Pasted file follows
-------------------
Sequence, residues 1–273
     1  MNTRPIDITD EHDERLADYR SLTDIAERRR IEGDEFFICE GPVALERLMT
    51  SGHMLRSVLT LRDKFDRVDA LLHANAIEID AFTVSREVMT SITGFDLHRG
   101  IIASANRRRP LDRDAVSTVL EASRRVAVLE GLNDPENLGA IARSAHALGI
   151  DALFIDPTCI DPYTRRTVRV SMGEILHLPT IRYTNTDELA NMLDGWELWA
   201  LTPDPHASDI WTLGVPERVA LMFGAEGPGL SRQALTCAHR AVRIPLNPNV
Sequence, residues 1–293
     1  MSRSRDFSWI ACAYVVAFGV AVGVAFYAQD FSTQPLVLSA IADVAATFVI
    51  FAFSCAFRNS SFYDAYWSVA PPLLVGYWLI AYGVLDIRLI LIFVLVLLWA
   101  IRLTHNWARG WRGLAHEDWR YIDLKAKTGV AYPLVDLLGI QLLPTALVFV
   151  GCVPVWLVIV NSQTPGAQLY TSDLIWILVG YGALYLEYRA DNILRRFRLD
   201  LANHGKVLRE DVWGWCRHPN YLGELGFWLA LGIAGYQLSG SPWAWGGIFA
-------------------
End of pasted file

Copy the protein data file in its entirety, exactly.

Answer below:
Sequence, residues 1–273
     1  MNTRPIDITD EHDERLADYR SLTDIAERRR IEGDEFFICE GPVALERLMT
    51  SGHMLRSVLT LRDKFDRVDA LLHANAIEID AFTVSREVMT SITGFDLHRG
   101  IIASANRRRP LDRDAVSTVL EASRRVAVLE GLNDPENLGA IARSAHALGI
   151  DALFIDPTCI DPYTRRTVRV SMGEILHLPT IRYTNTDELA NMLDGWELWA
   201  LTPDPHASDI WTLGVPERVA LMFGAEGPGL SRQALTCAHR AVRIPLNPNV
Sequence, residues 1–293
     1  MSRSRDFSWI ACAYVVAFGV AVGVAFYAQD FSTQPLVLSA IADVAATFVI
    51  FAFSCAFRNS SFYDAYWSVA PPLLVGYWLI AYGVLDIRLI LIFVLVLLWA
   101  IRLTHNWARG WRGLAHEDWR YIDLKAKTGV AYPLVDLLGI QLLPTALVFV
   151  GCVPVWLVIV NSQTPGAQLY TSDLIWILVG YGALYLEYRA DNILRRFRLD
   201  LANHGKVLRE DVWGWCRHPN YLGELGFWLA LGIAGYQLSG SPWAWGGIFA